The fresco portion of the lesson went off like gangbusters, and we moved on to my part of the lesson--discussing painted sculpture. I chose to talk about our little three-foot marble sculpture of Venus in the Basilica, because there are still traces of pigment within the folds of her drapery, and we know she was painted using the encaustic technique (mixing hot wax with powdered pigment). Not only was it a different medium, but it was a chance to discuss a different painting technique. The only significant difference in my conversations with blind and low vision visitors compared with sighted visitors is my effort to over-describe the object we are discussing. Once I described the statue, we passed around beeswax and discussed how it was used to make paint, and I told them more about the history of the sculpture. Also, when preparing for the lesson the day before, I had the idea of encouraging the group to touch the marble columns on either side of the statue. Those columns are just part of the architecture, so they are fair game for touching. By touching the columns, the group got a good idea of the cool, slippery smooth surface of marble and why encaustic painting might have been a good technique for the artist to use with that medium.

Thanks to the touchables, the time in the galleries went very well. Afterward the group gathered in the education studio to do some painting of their own. Eidelriz created a small workspace for each person, taping paper to the table and using masking tape to create a border they could feel framing the area they were to paint. Each person also received paint brushes and a palette (i.e. a paper plate). Each pile of paint was labeled with a different number of dots along the edge of the plate, enabling the blind painters to distinguish between the different colors.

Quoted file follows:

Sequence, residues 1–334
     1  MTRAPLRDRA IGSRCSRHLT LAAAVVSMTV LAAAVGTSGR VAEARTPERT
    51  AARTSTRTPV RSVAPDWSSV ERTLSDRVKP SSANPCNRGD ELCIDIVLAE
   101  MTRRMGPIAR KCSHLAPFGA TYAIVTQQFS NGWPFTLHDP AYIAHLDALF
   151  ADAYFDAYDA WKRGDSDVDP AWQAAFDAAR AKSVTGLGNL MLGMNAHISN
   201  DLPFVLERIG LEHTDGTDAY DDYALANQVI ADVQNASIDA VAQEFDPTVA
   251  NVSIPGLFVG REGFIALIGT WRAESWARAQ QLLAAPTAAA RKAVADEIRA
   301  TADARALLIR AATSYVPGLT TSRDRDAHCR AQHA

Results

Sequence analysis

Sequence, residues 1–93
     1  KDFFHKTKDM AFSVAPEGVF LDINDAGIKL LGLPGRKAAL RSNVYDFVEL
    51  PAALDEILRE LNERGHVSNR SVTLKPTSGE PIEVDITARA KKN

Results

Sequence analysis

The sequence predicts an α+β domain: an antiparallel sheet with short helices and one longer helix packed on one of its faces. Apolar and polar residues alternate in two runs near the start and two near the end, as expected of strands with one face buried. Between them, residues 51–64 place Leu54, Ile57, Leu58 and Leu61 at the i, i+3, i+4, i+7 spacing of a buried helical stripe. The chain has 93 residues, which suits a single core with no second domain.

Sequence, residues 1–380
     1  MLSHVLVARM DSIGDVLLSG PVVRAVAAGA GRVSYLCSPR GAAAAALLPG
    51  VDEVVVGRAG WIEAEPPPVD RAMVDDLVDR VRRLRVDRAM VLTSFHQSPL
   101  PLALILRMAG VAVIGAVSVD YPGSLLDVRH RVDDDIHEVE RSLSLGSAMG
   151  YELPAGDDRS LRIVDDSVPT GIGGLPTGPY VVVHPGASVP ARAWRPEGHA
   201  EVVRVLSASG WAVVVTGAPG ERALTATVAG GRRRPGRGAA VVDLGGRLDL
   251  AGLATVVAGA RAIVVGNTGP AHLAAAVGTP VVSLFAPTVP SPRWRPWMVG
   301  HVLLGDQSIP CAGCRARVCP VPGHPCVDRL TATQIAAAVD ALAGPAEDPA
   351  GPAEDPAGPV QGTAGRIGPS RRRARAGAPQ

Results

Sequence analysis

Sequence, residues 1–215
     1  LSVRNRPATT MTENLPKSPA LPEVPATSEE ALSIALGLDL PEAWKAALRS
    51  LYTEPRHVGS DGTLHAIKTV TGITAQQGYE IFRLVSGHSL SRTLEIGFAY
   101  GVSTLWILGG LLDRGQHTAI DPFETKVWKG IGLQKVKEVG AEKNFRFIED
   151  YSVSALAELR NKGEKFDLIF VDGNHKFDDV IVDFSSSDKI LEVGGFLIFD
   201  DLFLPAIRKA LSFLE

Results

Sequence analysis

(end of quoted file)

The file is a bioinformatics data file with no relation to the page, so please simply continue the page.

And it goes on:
Inside the Education Studio

At the end of their time in the studios, we asked some of the participants the question I posed earlier: How could someone without sight really experience a museum, a place primarily designed to be a visual experience? One woman in particular had some great things to say. She said everyone has a different way of learning and experiencing the world. "I can't see, but I'm still learning something. And maybe one day things will be better and we can feel everything."

A painting made by one of the participants

Saturday, October 10

Single Again

Well, kind of. A week ago Eric left for a month-long research trip abroad to study artifacts he will be discussing in his dissertation. Consequently, I have the month of October to myself. Now, I'm sure most women might feel a bit down at the thought of such a long separation, but I appreciate solitude and planned to make the most of it. That is, until Murphy's Law kicked in: I put Eric on a plane and then promptly got sick, falling victim to a vicious cold. Interacting with the public so much at work makes colds part and parcel to the whole teaching gig, but this one distinguished itself by robbing me of my voice about two days in. So not only can I not teach, but I can't call anyone to lament my circumstances. Of course I know I don't really have anything to complain about, but having no voice is very frustrating and this cold has put a serious crimp in my plans.

I'm sure my voice will return soon, but in the meantime I've been forced to slow down a little. It has been awhile since my last post because I've spent most of my spare time these past few weeks working on a book proposal and writing a sample chapter to accompany it. Nothing may come of it, but the concept has been met with some interest. The idea was inspired by my teaching experiences in the museum and my love of ancient history. If I ever have news to share on that score, I promise to go into more detail. Until then, keep your fingers crossed!